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In his introduction to this eighteenth century classic in balneology, the editor points out that in Smollett's literary works there is a clear picture of contemporary medicine. Although he took a medical degree (in 1750), served his professional apprenticeship at Glasgow, was warranted surgeon's second mate in the British navy, and cultivated throughout life the friendship of physicians, he devoted himself to literature almost exclusively soon after receiving his medical degree. The adventures of his heroes, and his biographic vignettes, roguish satire and searching observations, are all much concerned with the state of medicine in his time. His comments on medicine include such items as the conduct of medical examinations, the grades in the professional hierarchy and the jealousies existing among their constituents, the dependence on blood letting for any and all of multitudinous ailments, the physical ordeals that try the mettle of the country practitioner, the growing distrust in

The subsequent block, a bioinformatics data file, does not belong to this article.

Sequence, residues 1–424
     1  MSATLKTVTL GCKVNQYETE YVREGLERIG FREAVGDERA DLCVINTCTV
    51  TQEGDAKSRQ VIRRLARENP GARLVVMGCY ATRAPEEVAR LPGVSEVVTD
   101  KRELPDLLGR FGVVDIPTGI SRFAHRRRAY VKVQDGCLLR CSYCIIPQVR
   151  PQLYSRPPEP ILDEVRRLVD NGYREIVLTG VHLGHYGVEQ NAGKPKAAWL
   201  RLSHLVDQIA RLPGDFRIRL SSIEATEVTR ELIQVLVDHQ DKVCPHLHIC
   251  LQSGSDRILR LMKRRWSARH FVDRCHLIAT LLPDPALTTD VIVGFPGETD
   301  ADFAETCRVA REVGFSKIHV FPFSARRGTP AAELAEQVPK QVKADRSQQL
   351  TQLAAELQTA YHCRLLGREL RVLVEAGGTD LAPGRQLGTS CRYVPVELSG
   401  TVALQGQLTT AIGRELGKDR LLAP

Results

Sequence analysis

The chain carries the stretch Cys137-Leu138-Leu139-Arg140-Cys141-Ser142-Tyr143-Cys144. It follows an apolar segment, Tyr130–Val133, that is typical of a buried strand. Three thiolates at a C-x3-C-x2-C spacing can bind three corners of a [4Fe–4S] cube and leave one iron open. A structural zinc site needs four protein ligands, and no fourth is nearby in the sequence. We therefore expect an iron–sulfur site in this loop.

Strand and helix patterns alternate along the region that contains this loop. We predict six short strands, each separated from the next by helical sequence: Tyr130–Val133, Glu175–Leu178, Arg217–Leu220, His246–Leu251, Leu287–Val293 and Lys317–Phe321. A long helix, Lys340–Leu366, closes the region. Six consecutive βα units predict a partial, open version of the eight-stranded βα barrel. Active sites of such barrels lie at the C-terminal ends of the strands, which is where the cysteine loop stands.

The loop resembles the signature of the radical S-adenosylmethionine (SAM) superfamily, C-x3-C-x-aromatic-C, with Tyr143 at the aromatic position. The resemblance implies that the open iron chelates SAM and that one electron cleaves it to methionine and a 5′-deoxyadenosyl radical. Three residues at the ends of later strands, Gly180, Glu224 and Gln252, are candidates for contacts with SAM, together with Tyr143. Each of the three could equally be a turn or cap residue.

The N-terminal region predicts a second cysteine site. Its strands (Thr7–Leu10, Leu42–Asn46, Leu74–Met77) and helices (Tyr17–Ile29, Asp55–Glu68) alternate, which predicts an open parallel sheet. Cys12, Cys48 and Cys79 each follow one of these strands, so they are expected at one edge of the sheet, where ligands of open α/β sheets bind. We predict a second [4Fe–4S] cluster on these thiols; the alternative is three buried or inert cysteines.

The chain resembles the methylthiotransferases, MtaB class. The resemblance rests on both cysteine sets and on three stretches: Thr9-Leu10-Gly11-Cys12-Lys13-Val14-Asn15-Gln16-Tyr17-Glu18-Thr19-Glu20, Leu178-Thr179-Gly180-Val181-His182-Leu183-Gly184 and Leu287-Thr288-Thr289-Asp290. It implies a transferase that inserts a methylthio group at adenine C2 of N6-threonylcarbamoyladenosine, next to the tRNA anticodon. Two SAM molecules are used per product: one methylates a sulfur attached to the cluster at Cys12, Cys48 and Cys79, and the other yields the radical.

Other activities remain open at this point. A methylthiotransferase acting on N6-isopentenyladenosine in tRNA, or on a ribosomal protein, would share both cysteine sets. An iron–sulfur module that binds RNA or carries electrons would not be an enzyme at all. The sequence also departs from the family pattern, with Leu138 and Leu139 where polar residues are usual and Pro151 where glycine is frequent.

An Essay on the External Use of Water. JAMA. 1935;105(8):622–623. doi:10.1001/jama.1935.02760340068036
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